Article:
• The lifespan of your product just jumped from 3 years to 30 years. Which again, people are willing to pay more for.

So lets effing make one already!

Here’s what you’ll need:cheap-airbrush-canvas-1

  • Foam Board – I used Elmer’s 3/16 in.
  • Pennant Felt – many types of fabrics will work, pennant felt just happens to be my favorite to airbrush on. It’s forgiving and easy to work with.
  • Scotch or 3M brand Super 77 spray adhesive – there are many other brands with varying levels of adhesion, based on testing, Scotch and 3M Super 77 perform the best and have just the right amount of adhesiveness.
  • Craft cutting board – available at craft and sewing stores.
  • Razor blade or Xacto knife.

Step 1:
Cut a section of pennant felt large enough to fully cover one side of the foam board. Leaving a bit of excess on all sides will make for an easier fit later when applying it to the foam board.

Step 2:
Iron the pennant felt. I’ve noticed the surface consistency of some pennant felts can really vary. There’s nothing worse than trying to airbrush in fine details and having random fibers poking up catching over spray. Ironing the pennant felt first is going to give you a nice flat, even surface to work with it.

Step 3:
Holding the can about 6-8 inches away from the surface, spray a steady even coat of Super 77 on one side of the foam board with about a 50% overlap on each stroke. This stuff can get everywhere and is a pain to cleanup if you don’t get on it right away. Best to spray it outside on some cardboard.

Step 4:
Give the Super 77 about 2 or 3 minutes to get tacky then grab the foam board with both hands by the edges and fan it up and down a few times to pop any bubbles and dissipate any excessively adhesive areas.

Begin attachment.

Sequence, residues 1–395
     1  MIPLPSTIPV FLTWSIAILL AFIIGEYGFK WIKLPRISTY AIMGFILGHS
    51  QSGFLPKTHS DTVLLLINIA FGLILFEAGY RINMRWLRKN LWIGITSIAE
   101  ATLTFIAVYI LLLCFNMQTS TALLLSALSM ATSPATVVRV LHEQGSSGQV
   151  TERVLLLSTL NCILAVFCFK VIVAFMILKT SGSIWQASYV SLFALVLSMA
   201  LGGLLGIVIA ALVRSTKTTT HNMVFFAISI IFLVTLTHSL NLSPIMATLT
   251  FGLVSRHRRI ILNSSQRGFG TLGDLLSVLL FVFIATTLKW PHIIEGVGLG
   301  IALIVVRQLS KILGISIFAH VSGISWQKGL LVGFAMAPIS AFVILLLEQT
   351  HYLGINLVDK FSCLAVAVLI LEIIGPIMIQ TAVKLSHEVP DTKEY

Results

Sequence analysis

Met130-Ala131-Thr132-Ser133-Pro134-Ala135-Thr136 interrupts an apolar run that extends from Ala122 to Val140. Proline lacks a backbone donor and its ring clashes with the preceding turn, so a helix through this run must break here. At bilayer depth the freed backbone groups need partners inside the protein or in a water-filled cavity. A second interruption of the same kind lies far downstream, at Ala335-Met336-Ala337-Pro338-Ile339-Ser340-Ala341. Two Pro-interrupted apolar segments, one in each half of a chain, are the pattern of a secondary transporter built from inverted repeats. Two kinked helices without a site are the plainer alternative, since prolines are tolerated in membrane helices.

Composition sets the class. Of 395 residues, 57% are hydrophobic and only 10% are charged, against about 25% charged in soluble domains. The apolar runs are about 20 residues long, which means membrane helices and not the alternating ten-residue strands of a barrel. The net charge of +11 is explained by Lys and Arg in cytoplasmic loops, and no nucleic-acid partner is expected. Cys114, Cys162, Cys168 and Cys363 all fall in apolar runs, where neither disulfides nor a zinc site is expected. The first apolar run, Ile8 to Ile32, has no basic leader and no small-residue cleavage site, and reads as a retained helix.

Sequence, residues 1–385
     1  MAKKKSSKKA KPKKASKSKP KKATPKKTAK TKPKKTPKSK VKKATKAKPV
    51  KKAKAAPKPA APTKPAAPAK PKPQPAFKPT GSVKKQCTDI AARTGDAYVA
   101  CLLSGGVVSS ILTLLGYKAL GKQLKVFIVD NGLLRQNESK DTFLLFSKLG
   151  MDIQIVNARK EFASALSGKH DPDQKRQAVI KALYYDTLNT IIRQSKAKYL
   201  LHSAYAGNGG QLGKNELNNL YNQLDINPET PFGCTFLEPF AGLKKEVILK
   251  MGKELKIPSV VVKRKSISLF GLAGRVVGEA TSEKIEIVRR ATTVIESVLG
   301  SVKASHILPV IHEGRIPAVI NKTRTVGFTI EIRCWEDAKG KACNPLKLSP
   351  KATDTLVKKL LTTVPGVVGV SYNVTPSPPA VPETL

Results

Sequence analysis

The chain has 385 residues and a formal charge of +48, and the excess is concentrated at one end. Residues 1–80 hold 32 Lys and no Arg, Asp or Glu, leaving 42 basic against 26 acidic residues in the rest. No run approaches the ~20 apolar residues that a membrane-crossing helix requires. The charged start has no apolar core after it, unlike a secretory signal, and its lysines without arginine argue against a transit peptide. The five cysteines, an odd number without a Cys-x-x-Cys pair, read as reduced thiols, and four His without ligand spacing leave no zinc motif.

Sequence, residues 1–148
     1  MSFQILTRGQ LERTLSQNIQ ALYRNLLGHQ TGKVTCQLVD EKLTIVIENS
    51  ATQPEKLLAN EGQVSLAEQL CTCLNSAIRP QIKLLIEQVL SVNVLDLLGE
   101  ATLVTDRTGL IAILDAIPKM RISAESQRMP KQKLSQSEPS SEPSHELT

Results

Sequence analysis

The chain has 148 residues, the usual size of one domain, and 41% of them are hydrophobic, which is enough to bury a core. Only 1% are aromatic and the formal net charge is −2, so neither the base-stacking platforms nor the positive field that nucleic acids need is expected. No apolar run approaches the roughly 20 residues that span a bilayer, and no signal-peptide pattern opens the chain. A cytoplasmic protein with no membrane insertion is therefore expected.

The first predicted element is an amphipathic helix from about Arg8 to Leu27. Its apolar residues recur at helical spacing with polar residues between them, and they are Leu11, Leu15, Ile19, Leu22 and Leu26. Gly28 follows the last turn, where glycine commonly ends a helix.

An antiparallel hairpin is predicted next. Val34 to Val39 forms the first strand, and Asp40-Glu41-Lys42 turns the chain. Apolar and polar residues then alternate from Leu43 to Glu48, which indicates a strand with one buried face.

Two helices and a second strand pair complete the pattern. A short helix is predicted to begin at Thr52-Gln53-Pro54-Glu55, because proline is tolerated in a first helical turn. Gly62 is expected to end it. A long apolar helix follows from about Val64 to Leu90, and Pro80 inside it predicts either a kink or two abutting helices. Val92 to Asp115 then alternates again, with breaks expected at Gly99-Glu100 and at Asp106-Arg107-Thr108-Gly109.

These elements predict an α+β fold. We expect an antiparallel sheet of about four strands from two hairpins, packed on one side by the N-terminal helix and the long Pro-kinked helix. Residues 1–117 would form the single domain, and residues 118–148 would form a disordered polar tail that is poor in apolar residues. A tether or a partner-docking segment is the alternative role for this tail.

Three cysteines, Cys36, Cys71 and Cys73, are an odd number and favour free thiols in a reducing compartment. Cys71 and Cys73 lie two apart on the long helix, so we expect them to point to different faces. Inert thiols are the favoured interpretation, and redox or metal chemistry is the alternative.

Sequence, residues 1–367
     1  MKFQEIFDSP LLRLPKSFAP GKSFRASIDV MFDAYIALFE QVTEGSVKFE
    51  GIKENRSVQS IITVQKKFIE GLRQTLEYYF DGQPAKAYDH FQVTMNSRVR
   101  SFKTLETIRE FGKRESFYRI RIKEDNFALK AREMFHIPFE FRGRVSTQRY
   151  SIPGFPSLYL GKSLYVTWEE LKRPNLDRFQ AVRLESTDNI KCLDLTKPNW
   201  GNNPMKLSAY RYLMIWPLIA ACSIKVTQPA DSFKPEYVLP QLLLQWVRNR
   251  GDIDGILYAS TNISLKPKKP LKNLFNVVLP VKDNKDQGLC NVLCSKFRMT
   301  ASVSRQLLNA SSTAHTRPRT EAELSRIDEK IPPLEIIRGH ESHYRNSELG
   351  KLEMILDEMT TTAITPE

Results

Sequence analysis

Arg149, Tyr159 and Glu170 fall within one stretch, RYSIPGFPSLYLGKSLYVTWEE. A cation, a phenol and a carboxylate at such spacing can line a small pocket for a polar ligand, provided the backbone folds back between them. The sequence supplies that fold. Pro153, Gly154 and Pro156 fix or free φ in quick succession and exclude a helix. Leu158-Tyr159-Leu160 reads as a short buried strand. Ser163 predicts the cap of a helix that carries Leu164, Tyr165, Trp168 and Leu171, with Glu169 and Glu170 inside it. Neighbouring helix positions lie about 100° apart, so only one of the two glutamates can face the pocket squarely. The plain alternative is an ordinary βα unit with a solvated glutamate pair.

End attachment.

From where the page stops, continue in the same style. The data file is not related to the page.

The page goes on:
Lay the pennant felt on a clean, flat, even surface and then place the adhesive side of the foam board face down on top of it. Apply even pressure over the entire board then immediately flip it over and peel up one side of the pennant felt to the center of the foam board. Starting from the center of the foam board, use a sweeping motion back and forth across the pennant felt with firm pressure to re-apply it to the foam board. This irons out any bubbles or wrinkles that may have occurred when you initially placed the felt on the board. Repeat this same process on the other side.

Step 5:
Place the foam board felt side down and using the edges of the foam board as a guide, cut away the excess felt with a razor blade.

Step 6:
Boom son; you’re done!

These cheap and easy to make airbrush canvases can be a great addition to your existing airbrush product line up. They offer all the advantages of wood, metal, or traditional canvas substrates without the disadvantages that come with urethane paints. I.e., prep, basecoat, respirator, paint booth etc.

They are extremely lightweight and mobile, which makes them easy to take to carnivals and state fairs; it also makes them very easy to work with and rotate while you’re airbrushing. Because they are easy to hang up, they can add a big visual impact almost anywhere. Perfect for using as wow pieces to draw customers into your shop.

Now, back to the lab!